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article imageInterview: Women in docs Special

By Adrian Peel     Mar 19, 2014 in Music
Chanel Lucas, one half of the popular Australian folk duo, speaks to Digital Journal about the pair's latest album 'Carousel'.
The curiously-named women in docs consist of Chanel Lucas (vocals, bass, acoustic guitar and ukulele) and Roz Pappalardo (vocals, acoustic and electric guitar, harmonica and banjo), and although they live very far apart (Chanel in Brisbane and Roz in Cairns), these two dedicated musicians succeeded in putting together their latest record, their first in eight years, with the help of a few stolen moments here and there - and the Internet.
Over the course of their 15-year career,
the fun-loving twosome, known for their quirky and entertaining live performances, have had their folk/pop - with a hint of country - sound compared to The Dixie Chicks, The Waifs and The Indigo Girls and have performed all over the world at such prestigious events as Austin's South By Southwest (SXSW), the Shanghai Spring Music Festival in China and the Vancouver Islands Folk Festival. They have also sold 30,000 records. Not bad for an independent act.
"Well, we've done a few shows..." begins Chanel, who had a hand in writing five of the album's ten tracks, filling me in on the duo's recent developments. "We've been on the road doing a couple of festivals. We were down at the Adelaide Fringe a couple of weeks ago and in Melbourne playing some shows. Doing lots of interviews and things like that..."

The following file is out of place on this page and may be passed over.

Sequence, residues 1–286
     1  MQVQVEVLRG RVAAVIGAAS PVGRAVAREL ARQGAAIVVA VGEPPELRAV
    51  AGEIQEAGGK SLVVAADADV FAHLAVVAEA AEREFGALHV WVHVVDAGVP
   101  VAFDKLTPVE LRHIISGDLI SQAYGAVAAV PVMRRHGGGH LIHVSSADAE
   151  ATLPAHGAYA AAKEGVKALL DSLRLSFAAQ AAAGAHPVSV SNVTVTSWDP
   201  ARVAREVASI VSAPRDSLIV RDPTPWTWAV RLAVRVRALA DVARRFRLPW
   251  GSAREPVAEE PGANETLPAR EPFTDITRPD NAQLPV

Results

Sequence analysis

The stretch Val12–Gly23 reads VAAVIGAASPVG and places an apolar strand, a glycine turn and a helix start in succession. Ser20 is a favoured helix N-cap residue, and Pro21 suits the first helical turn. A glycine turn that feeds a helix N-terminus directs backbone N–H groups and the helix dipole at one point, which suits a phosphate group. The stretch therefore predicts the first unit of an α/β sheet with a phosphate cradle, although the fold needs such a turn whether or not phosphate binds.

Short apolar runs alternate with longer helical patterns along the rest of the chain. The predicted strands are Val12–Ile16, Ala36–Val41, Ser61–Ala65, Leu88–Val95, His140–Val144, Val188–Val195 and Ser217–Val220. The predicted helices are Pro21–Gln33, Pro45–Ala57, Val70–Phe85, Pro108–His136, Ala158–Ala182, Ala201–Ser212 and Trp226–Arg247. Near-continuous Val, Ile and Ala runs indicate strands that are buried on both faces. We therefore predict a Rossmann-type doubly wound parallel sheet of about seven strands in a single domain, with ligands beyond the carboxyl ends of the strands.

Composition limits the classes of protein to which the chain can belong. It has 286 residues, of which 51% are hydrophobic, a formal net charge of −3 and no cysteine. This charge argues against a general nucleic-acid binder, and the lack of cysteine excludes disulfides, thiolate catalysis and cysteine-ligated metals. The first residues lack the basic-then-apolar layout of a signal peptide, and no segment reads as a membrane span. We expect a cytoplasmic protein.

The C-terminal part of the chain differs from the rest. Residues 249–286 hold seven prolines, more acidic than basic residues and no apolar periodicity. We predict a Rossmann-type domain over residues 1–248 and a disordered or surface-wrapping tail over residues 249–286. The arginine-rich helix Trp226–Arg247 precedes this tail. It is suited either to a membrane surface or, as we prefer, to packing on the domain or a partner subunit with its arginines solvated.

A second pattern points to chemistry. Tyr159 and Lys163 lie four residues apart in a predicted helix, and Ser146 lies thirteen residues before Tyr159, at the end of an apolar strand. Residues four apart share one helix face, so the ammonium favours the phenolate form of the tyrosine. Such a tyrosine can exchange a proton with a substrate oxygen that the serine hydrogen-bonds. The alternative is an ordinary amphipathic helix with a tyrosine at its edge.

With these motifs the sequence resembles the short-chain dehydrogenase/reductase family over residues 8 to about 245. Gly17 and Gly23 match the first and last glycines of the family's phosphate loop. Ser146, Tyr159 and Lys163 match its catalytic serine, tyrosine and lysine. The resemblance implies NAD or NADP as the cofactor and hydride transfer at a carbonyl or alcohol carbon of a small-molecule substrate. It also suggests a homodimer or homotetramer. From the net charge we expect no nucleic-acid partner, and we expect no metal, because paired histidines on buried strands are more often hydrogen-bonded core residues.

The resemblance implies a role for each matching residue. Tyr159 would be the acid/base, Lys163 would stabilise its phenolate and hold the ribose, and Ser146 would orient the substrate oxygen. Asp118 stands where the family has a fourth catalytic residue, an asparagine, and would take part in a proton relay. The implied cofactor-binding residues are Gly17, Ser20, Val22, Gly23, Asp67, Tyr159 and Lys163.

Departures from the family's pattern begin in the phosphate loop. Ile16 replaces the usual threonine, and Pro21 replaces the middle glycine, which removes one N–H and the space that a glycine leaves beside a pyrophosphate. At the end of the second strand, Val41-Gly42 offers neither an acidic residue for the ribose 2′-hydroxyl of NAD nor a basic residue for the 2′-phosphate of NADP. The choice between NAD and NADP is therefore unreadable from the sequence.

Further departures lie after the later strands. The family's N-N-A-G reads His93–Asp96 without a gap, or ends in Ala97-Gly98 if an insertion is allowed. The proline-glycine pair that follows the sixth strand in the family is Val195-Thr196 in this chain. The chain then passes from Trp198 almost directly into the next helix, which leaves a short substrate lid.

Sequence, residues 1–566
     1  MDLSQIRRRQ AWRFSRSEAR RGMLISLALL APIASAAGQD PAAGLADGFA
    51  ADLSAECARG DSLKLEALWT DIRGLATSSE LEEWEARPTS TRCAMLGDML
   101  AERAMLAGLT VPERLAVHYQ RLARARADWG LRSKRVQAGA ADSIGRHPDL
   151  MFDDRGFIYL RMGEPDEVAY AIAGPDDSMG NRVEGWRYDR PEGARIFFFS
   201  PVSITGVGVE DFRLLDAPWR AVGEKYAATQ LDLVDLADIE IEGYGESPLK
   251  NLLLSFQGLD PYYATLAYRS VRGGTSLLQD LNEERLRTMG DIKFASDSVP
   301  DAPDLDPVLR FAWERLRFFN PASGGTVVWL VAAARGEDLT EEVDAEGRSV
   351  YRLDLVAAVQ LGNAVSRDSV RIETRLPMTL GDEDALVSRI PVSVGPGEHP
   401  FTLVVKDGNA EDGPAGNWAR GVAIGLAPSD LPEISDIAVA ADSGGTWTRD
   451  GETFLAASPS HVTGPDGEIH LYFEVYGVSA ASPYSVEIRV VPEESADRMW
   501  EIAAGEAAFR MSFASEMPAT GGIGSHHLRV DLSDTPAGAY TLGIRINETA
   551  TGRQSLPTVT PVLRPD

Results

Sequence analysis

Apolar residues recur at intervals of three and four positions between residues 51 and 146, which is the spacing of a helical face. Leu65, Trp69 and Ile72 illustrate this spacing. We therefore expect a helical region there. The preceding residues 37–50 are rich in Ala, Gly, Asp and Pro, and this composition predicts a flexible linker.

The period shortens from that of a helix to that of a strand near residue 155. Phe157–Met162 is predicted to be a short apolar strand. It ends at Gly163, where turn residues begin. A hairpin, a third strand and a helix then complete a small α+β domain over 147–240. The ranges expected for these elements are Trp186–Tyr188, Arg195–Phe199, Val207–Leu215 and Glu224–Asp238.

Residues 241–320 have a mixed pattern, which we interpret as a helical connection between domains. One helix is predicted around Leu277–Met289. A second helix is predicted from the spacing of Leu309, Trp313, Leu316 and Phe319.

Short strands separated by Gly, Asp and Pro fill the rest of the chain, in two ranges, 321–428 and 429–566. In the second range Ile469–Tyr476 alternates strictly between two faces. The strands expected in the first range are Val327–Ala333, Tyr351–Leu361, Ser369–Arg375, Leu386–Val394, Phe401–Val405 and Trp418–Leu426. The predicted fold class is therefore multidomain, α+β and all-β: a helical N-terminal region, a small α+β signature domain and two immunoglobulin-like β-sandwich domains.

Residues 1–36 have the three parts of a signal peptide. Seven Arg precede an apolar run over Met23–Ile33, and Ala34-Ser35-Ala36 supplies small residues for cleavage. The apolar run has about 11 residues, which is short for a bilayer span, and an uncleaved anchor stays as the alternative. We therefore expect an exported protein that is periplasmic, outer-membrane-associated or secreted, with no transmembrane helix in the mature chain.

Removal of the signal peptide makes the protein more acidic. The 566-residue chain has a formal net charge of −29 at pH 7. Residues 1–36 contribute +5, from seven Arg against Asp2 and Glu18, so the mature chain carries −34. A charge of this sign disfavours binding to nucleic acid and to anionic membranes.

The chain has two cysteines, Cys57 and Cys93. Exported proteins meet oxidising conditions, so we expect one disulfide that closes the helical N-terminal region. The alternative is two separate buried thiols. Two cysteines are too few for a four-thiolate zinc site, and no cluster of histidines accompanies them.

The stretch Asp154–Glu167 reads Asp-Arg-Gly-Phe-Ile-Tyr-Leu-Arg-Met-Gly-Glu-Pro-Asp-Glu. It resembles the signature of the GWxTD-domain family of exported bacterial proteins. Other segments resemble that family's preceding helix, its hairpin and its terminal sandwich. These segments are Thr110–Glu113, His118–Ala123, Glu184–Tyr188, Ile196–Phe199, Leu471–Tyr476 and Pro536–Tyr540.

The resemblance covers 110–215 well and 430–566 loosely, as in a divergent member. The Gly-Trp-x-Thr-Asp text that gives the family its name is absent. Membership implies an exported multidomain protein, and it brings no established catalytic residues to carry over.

Discussing the excellent Carousel, Ms. Lucas observes, "We're two songwriters, Roz and I. Sometimes we write separately and bring a song and then arrange it, put harmonies on it and change it into something that sounds like a women in docs song. Then a few of the songs we've written together...
"Because Roz lives in Cairns and I live in Brisbane - our drummer also lives in Brisbane and our violin player lives in Melbourne - it's been quite a challenge to produce an album across the country!
"So we've found that we've really made good use of the time we do have together... Sitting backstage, Roz and I have written a couple of songs, including the title track of the album."
Which songs on the record particularly stand out?
"I really like 'Carousel'," muses Chanel. "It really captures some of the themes of the album, of travel and following your dreams and doing the things that you love... I also really like 'Raining On Me' and the reason I like that one is it's a really collaborative effort...
"We were recording the song in the studio in Brisbane and we decided that we needed a choir on the end of it. So we sent messages to all our musician mates and said, 'Hey, who's in town this afternoon? Anyone want to come into the studio' At 5.30 when everyone had finished work, we were left with a little choir of four or five...
"It's also got some guitar from a fella called Danny Widdicombe who plays with The Wilson Pickers and a bunch of other bands. Yes, it's our song, it's a women in docs song, but it was also a real team effort."
Interestingly, the last track on the record is a version of "Wagon Wheel," previously recorded by a number of other artists, including Old Crow Medicine Show, Mumford & Songs and Darius Rucker. How did it end up as the only non-original tune on Carousel?